Phubbing—the act of phone snubbing—has been proven to have a devastating affect on relationships, and both men and women can be guilty of it. ,” but it’s actually a very sweet tradition we’ve let fall by the wayside.Back in the day, you had the stereotype on a husband constantly buried in a newspaper, but even a paper doesn’t offer an unlimited number of hours to ignore your partner. No one expects you to be as pumped about seeing your partner as your dog is when you’ve been out of the room for more than 10 minutes, but a little enthusiasm really helps to keep the magic of a relationship alive, not to mention it gives both of you something to look forward to when you’re apart.There are a lot of ways in which relationship dynamics have changed for the better in the last few decades.
There’s been a lot written about the demise of the family meal in the last few years.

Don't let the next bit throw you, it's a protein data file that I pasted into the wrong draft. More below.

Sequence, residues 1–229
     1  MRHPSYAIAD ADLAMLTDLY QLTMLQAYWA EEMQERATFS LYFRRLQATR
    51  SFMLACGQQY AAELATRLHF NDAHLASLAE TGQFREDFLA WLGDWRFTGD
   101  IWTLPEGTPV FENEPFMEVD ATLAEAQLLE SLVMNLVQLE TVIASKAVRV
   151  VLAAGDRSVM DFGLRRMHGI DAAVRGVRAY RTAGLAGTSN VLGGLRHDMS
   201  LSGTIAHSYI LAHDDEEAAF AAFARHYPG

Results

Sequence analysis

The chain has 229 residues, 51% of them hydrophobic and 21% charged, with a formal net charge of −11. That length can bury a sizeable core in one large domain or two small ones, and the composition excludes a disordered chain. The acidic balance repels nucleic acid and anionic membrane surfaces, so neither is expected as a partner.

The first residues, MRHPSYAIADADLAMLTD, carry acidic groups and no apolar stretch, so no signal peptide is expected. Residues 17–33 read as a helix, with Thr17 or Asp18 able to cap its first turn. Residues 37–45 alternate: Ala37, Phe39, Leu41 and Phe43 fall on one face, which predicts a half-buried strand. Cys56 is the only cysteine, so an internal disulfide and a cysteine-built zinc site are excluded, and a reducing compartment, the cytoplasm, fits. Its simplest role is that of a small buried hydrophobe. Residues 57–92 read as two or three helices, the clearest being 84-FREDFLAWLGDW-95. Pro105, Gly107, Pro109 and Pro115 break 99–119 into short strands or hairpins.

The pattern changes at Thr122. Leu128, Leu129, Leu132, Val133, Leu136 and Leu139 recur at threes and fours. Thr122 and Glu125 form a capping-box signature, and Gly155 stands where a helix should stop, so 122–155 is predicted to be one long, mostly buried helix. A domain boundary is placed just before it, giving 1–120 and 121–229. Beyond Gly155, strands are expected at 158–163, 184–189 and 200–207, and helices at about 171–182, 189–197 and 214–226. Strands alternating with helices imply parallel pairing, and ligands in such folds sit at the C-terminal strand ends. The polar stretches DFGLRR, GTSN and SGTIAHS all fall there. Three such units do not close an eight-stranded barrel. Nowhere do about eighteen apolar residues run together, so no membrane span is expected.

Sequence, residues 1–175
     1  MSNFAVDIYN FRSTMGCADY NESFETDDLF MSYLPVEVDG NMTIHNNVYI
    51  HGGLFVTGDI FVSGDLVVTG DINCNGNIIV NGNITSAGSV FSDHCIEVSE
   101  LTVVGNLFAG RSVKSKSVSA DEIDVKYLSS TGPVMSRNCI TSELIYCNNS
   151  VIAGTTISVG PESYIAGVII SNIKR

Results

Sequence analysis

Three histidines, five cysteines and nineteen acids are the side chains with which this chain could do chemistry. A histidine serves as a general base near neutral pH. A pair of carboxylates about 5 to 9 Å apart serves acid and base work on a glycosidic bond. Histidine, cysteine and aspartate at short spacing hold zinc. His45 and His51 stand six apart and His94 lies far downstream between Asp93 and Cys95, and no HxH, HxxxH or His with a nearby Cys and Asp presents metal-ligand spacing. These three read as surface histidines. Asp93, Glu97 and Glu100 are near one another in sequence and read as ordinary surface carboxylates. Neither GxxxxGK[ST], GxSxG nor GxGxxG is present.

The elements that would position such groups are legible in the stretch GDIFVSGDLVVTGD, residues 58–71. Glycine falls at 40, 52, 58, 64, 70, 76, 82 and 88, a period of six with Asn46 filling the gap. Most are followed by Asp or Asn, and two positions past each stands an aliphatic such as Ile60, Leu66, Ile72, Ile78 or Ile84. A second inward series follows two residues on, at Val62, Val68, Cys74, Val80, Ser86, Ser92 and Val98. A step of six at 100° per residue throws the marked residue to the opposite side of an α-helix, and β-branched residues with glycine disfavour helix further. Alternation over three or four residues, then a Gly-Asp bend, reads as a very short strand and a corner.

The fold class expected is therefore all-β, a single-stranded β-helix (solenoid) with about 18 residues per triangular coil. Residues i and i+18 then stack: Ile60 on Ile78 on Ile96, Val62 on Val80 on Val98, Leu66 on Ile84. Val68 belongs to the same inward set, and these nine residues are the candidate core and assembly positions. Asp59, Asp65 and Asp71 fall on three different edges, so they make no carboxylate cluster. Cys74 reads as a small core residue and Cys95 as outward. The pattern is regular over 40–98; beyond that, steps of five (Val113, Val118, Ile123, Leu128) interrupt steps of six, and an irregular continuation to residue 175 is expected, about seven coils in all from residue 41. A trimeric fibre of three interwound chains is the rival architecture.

And while many believe that the concept of sitting down to chat and have a home-cooked meal together is archaic, a 2015 study found that doing something as simple as eating a meal together has been proven to boost intimacy and understanding between couples. Experts emphasize that “quality time” has to be a positive, shared experience, like going for a walk in the park, or having a picnic, or even checking out a new exhibition at a museum and exchanging your thoughts.
With everyone buried in their phones, there isn’t a whole lot of opportunity to do the romantic thing that always happens in old movies, when two people gaze at one another from across a table.
Which is too bad, because science has shown that prolonged eye-gazing can do a lot to fan the flames of attraction and love.
A lot of my female friends bemoan the fact that chivalry is kind of dead, and men no longer bring flowers to dates, or open the door, or pull out a chair for their lady.